There is a long-standing argument within BangShift Mid-West about the usefulness of a truck. I’m of the mindset that unless it is a purpose-built machine that is ready to do sincere, serious work at a drop of the hat, that it’s little better than a Dodge Rampage. I’m also of the mindset that four-wheel-drive is optional, that the best truck layout is a single cab with a single bench, and that for anywhere but the most congested cities, a dual rear wheel setup is the way to go. Keep in mind: the last pickup truck I owned was a 2001 Dodge Ram 1500 extended cab, and the last truck-like vehicle in my fleet was a 1984 Dodge Ramcharger, both of which have been gone for nearly ten years now. Then there’s my wife. She owns the truck in the fleet, insists that four or all-wheel-drive is a necessity, has a “bigger is better” mentality, and generally wants the closest thing to a semi-tractor she can operate without upgrading her license. And she’s got family influences, too, including a cousin who has a deadly serious jones for any Dodge truck with a Cummins and a manual transmission. She loves to point out that Angry Grandpa can’t make it up the final hill towards our house when it snows in winter…and dammit, she isn’t wrong there…but her sporty Silverado SS does just fine.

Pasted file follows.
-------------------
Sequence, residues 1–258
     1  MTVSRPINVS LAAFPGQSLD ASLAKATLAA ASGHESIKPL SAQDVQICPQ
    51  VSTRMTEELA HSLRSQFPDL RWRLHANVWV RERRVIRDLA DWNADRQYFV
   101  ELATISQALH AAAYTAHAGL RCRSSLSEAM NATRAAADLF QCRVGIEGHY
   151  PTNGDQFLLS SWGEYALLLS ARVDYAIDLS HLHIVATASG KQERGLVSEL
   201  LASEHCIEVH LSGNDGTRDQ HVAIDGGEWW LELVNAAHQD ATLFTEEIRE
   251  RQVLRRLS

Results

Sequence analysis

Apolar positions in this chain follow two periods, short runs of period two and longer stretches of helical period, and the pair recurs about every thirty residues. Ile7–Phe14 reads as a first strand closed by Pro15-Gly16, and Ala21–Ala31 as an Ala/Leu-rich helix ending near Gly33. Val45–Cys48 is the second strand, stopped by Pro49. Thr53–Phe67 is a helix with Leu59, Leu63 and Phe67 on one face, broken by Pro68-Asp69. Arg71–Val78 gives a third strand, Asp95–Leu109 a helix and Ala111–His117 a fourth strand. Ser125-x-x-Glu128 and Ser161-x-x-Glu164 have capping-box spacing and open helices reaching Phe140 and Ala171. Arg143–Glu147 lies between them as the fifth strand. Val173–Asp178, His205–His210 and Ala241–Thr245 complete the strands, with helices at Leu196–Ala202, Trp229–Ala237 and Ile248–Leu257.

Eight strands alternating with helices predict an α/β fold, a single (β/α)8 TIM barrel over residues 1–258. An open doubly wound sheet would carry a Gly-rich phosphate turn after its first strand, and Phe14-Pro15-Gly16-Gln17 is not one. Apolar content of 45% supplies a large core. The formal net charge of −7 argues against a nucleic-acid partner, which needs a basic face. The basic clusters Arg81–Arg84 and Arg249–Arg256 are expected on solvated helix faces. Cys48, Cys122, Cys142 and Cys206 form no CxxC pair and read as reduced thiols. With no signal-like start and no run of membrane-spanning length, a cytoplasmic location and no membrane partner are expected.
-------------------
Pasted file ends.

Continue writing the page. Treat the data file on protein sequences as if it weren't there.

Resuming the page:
It’s no secret that I love “grandpa trucks”. You know the type, the truck that was obviously cared for by an older gentleman who needed a work truck but wanted life to be comfortable…when he bought it sometime before the late 1990s. In the case of this 1973 Dodge, this started life as a D200 (3/4 ton, two-wheel-drive) unit, but is now built up as a W300 (one-ton, four-wheel-drive) spec. So it’s big and four-wheel-drive…points to my wife. It’s a Dodge, point to me. Keep track, we’ll see how this goes. Has winches front and rear and fresh tires, so it’ll work, another point to me. Has an updated interior that features new gauges (a safety move, since Dodge clusters from this generation like to self-immolate, so that’s a point each), has an A/C kit in the box (another for both) and looks gorgeous. The powertrain is still a 360ci small-block hooked to a granny-low four-gear…not ideal, but the original plan was either a late-model Hemi or a Cummins swap. At least it runs. Power goes through a divorced NP205 transfer to a Dana 70 out back and an unknown front axle, possibly a Dana 60. The fuel tank holds 35 gallons, and you’ll need every drop, and the truck is set up for dual battery operation.
She gets the big, pretty truck that has four-wheel-drive. I see a clean-kept workhorse that has a stir stick transmission and all the makings of the perfect classic Cummins swap in the making. Where would be the fail here?